- The vast majority of the research on genetically modified (GM) crops suggests that they are safe to eat and that they have the potential to feed millions of people worldwide who currently go hungry.
- Yet not all criticisms of GM are so easily rejected, and pro-GM scientists are often dismissive and even unscientific in their rejection of the counterevidence.
- A careful analysis of the risks and benefits argues for expanded deployment and safety testing of GM crops.
More In This Article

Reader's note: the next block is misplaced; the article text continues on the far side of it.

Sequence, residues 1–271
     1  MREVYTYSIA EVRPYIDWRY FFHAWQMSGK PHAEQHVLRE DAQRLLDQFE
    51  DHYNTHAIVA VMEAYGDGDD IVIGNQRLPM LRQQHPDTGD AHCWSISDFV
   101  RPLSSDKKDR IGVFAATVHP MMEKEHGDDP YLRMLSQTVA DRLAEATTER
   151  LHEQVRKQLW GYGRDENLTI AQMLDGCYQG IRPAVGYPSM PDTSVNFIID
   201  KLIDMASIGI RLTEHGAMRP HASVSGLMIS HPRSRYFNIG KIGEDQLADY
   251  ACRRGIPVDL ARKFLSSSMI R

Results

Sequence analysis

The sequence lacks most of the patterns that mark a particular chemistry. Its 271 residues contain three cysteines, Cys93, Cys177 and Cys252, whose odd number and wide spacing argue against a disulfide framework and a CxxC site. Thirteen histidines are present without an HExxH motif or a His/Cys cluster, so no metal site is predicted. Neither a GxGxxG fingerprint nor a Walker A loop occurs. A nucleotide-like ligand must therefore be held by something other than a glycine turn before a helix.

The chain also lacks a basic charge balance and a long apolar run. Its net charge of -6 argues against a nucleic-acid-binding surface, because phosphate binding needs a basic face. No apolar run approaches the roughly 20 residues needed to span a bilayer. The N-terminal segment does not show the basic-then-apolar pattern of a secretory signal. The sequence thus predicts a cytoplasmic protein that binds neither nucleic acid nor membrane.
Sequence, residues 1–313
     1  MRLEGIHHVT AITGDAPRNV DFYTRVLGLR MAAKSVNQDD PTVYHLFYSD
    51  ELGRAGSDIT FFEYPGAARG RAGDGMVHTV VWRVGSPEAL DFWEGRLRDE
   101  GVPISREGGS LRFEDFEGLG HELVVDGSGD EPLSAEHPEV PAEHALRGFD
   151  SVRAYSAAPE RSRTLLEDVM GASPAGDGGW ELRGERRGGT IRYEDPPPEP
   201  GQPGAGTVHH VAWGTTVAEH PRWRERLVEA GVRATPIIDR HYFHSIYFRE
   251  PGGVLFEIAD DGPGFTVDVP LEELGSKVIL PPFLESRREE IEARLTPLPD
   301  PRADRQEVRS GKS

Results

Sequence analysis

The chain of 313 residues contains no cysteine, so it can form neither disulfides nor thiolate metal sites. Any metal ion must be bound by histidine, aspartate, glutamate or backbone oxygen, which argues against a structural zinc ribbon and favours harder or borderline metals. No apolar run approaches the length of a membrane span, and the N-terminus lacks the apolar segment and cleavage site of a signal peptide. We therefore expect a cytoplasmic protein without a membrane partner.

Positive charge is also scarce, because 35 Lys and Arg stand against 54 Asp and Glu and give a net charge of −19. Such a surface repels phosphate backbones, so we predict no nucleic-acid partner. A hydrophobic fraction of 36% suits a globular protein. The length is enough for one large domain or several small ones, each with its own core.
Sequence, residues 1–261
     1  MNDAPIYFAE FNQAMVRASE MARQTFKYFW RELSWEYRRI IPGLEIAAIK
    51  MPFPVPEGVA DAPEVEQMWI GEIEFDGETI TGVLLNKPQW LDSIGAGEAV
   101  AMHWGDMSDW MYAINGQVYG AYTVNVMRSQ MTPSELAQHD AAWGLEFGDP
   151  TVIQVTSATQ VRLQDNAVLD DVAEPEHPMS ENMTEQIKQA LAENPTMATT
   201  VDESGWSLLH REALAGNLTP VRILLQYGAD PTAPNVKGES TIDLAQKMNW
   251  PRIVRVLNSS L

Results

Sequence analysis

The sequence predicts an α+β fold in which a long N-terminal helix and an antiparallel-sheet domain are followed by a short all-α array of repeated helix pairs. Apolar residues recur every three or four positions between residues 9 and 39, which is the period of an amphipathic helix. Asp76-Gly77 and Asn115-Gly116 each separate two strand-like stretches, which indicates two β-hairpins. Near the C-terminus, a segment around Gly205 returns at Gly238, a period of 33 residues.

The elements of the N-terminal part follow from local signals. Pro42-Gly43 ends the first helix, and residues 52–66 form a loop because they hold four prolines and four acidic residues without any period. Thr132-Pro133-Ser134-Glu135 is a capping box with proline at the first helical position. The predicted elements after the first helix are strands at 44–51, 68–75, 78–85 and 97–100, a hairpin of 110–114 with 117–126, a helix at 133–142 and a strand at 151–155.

Robert Goldberg sags into his desk chair and gestures at the air. “Frankenstein monsters, things crawling out of the lab,” he says. “This the most depressing thing I've ever dealt with.”
Goldberg, a plant molecular biologist at the University of California, Los Angeles, is not battling psychosis. He is expressing despair at the relentless need to confront what he sees as bogus fears over the health risks of genetically modified (GM) crops. Particularly frustrating to him, he says, is that this debate should have ended decades ago, when researchers produced a stream of exonerating evidence: “Today we're facing the same objections we faced 40 years ago.”
This article was originally published with the title Are Engineered Foods Evil?.